The Hutchinson News from Hutchinson, Kansas on September 15, 1971 · Page 44
Get access to this page with a Free Trial

The Hutchinson News from Hutchinson, Kansas · Page 44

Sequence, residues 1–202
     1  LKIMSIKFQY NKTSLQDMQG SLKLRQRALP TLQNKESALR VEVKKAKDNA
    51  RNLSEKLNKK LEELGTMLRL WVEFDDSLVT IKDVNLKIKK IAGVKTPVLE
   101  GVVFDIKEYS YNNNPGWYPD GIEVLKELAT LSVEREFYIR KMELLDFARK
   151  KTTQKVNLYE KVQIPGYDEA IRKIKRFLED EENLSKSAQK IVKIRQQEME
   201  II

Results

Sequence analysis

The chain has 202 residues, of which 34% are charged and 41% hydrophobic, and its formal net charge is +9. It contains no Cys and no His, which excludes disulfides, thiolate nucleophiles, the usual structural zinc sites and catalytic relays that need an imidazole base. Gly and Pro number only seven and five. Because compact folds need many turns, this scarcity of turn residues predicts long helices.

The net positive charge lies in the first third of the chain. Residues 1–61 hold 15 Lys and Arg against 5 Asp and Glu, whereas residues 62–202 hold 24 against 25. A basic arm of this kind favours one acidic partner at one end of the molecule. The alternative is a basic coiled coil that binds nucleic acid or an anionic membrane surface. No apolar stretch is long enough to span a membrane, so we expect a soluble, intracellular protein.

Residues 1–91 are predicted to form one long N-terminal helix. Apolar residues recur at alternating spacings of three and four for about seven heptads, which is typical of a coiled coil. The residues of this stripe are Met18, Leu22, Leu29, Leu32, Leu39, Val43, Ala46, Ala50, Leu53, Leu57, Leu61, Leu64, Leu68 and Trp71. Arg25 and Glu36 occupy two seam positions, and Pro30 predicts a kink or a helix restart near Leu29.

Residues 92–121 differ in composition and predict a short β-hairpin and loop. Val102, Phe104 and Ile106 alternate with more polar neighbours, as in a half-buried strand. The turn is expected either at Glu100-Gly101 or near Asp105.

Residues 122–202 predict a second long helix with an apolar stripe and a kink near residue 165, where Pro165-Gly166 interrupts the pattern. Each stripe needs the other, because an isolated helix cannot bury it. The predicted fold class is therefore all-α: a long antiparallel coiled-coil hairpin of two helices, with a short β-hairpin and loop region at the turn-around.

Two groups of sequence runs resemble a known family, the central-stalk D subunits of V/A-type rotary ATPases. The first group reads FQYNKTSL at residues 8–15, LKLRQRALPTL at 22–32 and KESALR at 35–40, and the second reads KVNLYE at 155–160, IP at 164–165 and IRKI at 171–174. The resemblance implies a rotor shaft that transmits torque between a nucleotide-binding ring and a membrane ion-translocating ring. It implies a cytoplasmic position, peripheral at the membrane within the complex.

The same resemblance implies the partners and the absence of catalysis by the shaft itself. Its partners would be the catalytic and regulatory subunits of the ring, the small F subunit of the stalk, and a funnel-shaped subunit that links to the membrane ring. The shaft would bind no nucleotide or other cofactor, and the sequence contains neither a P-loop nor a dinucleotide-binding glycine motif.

Publication:
Location:
Hutchinson, Kansas
Issue Date:
Wednesday, September 15, 1971
Page:
Page 44
Start Free Trial
Cancel